After losing just two Championship games all season, Toronto head into this year's Middle 8s competition full of confidence. Backed by most of the Rugby League [VIDEO] fraternity to earn promotion to the top flight at the first time of asking, the Canadian outfit are under a great deal of pressure to perform. In short, this pressure can go one of two ways: it either spurs that team on to glory, or it causes them to backfire spectacularly.

Most fans [VIDEO] believe that Toronto will replace struggling Widnes in the Super League [VIDEO] for 2019 and they would have good reason to feel this way too; with only three wins all season, the Vikings have endured a miserable season in 2018, and the signs do not look good for them heading into the Middle 8 Qualifiers. But, the Wolfpack's promotion is not as clear-cut as some people think.

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Widnes showed signs

In their last fixture before the split, Widnes hosted Castleford. Though the Vikings conceded 52, they scored 24 points with new signing Liam Finn appearing to pull strings.

Not only does the capture of Finn enable fellow halfback Joe Mellor to play his own smart running game that helped Widnes escape the Qualifiers in 2017, but Finn also brings the vital experience of playing against top Championship sides that will be crucial in the upcoming weeks.

The other Super League sides - Leeds, Salford and Hull KR - will be far from pushovers either; Toronto host Widnes and Hull KR at home, but have to travel to Leeds and Salford. Widnes at home should perhaps see Toronto register a win, but Hull KR have rallied in recent weeks, and Salford and Leeds are a different kettle of fish at their own grounds. Fail to get the point from any of these three fixtures and the Wolfpack will struggle to gain automatic promotion.

The Paul Rowley effect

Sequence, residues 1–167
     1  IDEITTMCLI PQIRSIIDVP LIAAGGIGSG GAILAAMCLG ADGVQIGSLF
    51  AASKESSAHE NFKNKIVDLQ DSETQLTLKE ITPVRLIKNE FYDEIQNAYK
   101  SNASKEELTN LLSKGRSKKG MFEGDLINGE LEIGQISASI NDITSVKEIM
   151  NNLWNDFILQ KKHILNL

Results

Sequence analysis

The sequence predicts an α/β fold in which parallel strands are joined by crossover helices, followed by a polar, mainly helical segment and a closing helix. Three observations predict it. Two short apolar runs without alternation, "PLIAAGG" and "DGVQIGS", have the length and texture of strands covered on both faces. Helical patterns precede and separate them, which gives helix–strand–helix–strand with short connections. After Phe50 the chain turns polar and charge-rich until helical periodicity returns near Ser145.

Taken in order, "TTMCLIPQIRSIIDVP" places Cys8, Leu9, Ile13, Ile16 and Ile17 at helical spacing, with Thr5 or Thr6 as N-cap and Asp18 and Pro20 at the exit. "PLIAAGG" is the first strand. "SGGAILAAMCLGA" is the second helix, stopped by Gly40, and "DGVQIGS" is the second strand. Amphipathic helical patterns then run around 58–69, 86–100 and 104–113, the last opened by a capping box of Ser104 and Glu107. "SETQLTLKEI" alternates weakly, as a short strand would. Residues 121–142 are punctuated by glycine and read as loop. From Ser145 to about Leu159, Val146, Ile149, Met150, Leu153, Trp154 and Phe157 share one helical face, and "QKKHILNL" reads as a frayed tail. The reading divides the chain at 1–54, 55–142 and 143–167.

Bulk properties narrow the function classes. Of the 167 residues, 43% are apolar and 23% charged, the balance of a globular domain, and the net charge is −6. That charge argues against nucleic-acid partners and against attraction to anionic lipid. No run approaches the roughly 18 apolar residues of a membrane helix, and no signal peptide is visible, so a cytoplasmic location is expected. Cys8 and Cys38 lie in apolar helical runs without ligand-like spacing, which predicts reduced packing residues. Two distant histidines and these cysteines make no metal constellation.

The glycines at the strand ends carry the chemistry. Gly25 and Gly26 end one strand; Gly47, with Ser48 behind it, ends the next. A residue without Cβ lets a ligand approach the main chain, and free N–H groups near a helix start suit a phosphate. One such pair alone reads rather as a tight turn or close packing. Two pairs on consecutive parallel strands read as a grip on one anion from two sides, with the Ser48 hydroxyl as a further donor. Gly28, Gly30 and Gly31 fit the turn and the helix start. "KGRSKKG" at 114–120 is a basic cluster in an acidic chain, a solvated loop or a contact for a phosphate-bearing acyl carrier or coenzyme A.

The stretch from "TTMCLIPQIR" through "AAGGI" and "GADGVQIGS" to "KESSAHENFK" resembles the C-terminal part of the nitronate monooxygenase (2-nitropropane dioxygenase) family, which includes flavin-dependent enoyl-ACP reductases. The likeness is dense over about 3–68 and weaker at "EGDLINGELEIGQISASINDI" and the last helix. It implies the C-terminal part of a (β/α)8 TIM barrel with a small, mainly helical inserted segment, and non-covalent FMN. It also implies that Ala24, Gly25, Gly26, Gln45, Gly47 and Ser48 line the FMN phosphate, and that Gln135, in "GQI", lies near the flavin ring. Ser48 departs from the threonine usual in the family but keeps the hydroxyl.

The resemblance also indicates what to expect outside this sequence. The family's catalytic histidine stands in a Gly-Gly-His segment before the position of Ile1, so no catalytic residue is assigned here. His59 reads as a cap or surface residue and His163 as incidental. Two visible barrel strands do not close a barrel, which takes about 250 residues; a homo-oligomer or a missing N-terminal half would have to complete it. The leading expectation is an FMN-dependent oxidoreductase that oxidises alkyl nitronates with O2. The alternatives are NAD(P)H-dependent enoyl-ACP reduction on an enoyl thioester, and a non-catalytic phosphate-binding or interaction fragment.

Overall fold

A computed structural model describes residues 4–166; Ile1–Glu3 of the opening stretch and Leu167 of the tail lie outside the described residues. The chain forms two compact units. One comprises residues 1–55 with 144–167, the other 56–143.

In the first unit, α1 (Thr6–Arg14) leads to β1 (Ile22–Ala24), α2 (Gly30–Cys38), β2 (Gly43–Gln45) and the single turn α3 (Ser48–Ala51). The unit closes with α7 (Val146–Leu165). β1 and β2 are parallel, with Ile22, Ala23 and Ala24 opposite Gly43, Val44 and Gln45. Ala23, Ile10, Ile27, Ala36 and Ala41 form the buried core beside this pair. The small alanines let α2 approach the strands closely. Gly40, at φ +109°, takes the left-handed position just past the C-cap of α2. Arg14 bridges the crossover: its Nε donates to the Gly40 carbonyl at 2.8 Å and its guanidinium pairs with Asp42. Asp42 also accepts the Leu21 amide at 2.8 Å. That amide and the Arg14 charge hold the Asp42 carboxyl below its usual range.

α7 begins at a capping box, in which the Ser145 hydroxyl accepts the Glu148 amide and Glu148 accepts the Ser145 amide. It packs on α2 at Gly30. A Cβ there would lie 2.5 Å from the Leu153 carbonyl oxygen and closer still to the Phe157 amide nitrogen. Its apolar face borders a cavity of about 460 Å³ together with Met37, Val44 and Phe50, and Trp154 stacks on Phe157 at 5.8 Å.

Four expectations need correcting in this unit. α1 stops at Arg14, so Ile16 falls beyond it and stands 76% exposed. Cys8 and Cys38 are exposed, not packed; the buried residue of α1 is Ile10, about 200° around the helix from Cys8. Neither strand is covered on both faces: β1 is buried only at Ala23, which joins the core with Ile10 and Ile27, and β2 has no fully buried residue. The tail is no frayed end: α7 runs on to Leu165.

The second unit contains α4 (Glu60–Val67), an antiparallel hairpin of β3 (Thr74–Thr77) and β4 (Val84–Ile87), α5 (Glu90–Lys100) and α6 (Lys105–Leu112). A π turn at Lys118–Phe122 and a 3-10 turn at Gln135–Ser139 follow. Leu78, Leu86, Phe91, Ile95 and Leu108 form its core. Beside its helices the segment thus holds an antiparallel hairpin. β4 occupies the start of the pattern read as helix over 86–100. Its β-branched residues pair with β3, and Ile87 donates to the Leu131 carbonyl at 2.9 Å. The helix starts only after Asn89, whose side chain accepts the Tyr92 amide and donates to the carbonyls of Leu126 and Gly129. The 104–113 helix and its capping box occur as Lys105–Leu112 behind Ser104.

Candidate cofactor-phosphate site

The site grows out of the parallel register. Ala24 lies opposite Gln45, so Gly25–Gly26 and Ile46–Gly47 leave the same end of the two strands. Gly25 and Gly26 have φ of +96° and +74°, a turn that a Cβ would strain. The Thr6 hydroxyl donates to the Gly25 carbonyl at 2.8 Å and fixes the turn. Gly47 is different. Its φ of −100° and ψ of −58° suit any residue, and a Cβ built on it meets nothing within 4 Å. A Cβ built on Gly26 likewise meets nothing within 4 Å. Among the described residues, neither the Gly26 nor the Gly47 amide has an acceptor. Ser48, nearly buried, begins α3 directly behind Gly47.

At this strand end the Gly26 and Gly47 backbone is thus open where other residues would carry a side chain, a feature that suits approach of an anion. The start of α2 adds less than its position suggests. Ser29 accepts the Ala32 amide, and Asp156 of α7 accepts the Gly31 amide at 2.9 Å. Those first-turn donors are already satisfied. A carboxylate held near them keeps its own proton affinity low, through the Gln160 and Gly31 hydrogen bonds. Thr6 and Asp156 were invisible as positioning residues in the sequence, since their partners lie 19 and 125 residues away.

It is seriously unlikely that the Wolfpack will have it all their own way in the playoffs as they did for most of the Championship season.

Their 66-10 hammering away at Warrington in the sixth round of the Challenge Cup demonstrated the scale of improvement needed if Toronto are going to challenge Super League sides - albeit worse teams than Warrington - at the end of the season.

Not only was the result dismal, but the way the Canadian outfit played the game left a stain on their character. Andrew Dixon was red-carded just two minutes before half-time for punching while winger Liam Kay was given a yellow for a dangerous throw and captain Josh McCrone and prop Darcy Lussick sin-binned for dissent. The latter two, in particular, made a mockery of the Wolfpack's attempts to win over the general Rugby League public; rather than winning support, they quickly lost any they had gained.

Unsurprisingly, it is the same bullyboy tactics employed by the Toronto team that Paul Rowley enforced when he steered Leigh to top spot in 2015 - the first year of the new promotion and relegation structure. That year, Leigh won 21 from 23 games, losing just once.

Despite this dominance, the Centurions won just one from seven in the Middle 8s, finishing bottom of the table. By that time, Super League and even fellow top four Championship sides knew what was coming, and Leigh paid the price with Rowley resigning before the start of the 2016 season - although the Centurions did actually earn a promotion that year to the Super League under Neil Jukes, playing a much more attractive brand of rugby.

Remains to be seen

Predictions are coming in thick and fast as to who fans believe will retain or gain Super League status. But, despite the fact that Toronto are being tipped by the majority to get promoted for consecutive seasons, it will be far from straightforward, and just maybe lightning may strike twice for a Paul Rowley-coached team.